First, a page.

Early Experiences Matter

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Little Kids, Big Questions
is a series of 12 podcasts that translates the research of early childhood development into parenting practices that mothers, fathers and other caregivers can tailor to the needs of their own child and family. Click here to listen to or download the podcasts. This podcast series is generously funded by MetLife Foundation.

Early Intervention

The Early Experiences Matter Policy Guide includes an issue brief on early intervention. To access the complete toolkit, click here.

Baby Matters: A Gateway to State Policies and Initiatives is a searchable database that contains information on state policies and initiatives that impact infants, toddlers and their families. To search Baby Matters for information on early intervention, click here.

Hearing on Investing in Early Education: Paths to Improving Children's Success
Statement of Matthew Melmed, Executive Director, ZERO TO THREE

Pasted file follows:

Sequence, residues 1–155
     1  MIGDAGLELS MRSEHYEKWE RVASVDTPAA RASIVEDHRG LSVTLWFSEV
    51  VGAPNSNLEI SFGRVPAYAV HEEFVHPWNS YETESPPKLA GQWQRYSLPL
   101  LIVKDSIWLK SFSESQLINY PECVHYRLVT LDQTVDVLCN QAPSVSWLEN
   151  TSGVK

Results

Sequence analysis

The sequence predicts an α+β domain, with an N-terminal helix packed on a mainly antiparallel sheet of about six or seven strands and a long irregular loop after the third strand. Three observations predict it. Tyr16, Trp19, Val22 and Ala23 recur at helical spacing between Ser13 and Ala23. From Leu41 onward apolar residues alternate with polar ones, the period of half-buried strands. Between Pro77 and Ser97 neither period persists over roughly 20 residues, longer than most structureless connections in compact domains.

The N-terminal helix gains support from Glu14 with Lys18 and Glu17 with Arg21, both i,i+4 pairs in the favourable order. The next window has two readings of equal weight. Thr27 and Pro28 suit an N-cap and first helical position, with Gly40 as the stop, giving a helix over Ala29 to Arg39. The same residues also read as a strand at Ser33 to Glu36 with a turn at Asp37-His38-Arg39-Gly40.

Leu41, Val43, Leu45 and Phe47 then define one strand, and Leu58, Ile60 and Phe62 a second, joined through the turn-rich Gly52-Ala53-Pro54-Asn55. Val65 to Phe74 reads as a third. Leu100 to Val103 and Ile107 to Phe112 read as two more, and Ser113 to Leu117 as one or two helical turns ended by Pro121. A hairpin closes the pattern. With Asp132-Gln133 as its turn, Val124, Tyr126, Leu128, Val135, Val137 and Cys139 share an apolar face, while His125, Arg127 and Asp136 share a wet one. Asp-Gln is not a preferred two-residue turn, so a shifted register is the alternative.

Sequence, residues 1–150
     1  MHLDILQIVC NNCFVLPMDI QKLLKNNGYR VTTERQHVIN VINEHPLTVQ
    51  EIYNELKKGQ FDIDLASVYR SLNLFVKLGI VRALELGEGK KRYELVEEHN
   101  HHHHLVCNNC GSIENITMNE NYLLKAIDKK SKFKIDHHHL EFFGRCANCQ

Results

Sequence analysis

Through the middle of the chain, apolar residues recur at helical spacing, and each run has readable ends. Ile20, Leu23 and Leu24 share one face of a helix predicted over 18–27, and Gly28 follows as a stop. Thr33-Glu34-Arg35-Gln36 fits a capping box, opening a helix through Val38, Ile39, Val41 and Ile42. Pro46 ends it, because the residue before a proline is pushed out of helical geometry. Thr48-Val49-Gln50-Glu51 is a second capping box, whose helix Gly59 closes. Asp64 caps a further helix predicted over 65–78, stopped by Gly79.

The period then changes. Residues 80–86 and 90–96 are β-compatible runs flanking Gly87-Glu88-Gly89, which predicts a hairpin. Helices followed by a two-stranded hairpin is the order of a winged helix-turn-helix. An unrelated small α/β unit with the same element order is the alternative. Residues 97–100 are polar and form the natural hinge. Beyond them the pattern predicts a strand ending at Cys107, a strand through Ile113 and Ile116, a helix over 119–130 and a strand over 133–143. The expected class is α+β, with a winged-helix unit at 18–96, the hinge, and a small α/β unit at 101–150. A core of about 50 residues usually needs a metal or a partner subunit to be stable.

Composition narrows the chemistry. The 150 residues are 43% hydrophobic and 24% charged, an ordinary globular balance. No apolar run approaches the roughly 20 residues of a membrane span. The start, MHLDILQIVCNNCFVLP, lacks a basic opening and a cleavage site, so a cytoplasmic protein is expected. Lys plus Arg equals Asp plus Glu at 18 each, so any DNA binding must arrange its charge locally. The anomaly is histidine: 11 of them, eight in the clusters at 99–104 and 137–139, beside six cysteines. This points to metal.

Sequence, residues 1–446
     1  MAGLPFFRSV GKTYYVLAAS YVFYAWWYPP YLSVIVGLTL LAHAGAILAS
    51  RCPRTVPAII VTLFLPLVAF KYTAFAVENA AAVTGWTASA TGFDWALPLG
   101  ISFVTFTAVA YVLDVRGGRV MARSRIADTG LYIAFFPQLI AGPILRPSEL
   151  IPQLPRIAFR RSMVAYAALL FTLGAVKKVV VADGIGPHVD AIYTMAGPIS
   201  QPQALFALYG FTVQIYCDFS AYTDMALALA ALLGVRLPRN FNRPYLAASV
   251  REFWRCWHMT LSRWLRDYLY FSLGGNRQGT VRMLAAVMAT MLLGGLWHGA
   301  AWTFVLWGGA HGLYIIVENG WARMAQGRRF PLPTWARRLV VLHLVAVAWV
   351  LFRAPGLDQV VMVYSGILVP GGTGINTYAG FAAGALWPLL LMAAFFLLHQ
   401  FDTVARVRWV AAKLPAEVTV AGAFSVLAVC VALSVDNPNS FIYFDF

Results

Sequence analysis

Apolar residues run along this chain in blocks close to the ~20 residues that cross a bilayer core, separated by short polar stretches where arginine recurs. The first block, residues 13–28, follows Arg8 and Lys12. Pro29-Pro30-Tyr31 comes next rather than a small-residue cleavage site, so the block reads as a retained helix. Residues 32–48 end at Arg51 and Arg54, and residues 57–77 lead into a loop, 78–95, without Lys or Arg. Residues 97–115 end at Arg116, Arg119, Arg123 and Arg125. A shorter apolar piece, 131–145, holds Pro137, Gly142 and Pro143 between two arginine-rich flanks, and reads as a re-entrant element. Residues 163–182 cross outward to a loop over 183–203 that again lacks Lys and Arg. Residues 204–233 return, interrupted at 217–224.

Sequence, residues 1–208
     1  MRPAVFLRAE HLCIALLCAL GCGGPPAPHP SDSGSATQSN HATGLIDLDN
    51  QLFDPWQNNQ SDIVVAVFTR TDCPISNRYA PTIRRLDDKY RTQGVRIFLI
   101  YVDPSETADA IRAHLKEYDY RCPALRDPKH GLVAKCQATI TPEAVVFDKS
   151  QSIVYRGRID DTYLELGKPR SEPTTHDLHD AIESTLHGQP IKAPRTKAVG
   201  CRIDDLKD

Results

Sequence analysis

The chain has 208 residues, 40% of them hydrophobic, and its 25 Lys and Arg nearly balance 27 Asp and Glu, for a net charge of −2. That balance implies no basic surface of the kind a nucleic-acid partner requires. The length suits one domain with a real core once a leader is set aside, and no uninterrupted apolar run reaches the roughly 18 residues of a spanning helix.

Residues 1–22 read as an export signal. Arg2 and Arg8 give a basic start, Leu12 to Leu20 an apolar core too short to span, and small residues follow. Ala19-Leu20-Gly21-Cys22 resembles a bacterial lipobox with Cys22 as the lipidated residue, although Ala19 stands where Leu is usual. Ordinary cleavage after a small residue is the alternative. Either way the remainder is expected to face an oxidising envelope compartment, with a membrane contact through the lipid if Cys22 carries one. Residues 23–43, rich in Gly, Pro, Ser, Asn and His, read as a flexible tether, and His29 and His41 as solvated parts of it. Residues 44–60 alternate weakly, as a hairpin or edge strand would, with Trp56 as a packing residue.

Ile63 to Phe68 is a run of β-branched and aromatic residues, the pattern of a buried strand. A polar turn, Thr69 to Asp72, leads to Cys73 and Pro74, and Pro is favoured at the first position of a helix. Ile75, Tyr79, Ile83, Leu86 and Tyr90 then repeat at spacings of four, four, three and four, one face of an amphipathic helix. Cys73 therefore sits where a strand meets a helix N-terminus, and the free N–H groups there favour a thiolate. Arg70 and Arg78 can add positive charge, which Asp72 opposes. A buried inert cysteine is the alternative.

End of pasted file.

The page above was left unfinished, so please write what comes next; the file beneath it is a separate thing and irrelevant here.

Submitted to the Committee on Education and Labor
U.S. House of Representatives
January 23, 2008

ZERO TO THREE comments on proposed regulations for Part C of the Individuals with Disabilities Education Act (IDEA) of 2004
Submitted to the U.S. Department of Education, Office of Special Education and Rehabilitative Services on July 23, 2007

Early Intervention for Abused and Neglected Infants & Toddlers
Children who suffer abuse or neglect, or have parents who suffer from mental health problems (especially maternal depression), substance abuse, or family violence have as high a probability of experiencing developmental delays as do children with medical conditions that are automatically eligible for Part C services under the Individuals with Disabilities Education Act (IDEA).  Early intervention programs that deliver carefully designed interventions with well-defined goals can positively affect the developmental trajectories of infants and toddlers whose life course is threatened by disrupted parenting. A strong connection between the child welfare/child protection system and Part C is therefore needed to ensure access to early intervention services that can provide significant benefits to abused or neglected children.  This article describes the science of early childhood development, how it impacted on the creation of public policy, and the role you can play in advocating for effective implementation of that policy within states.

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1255 23rd Street, NW, Suite 350, Washington, DC 20037 | Phone: (202) 638-1144 | Fax: (202) 638-0851

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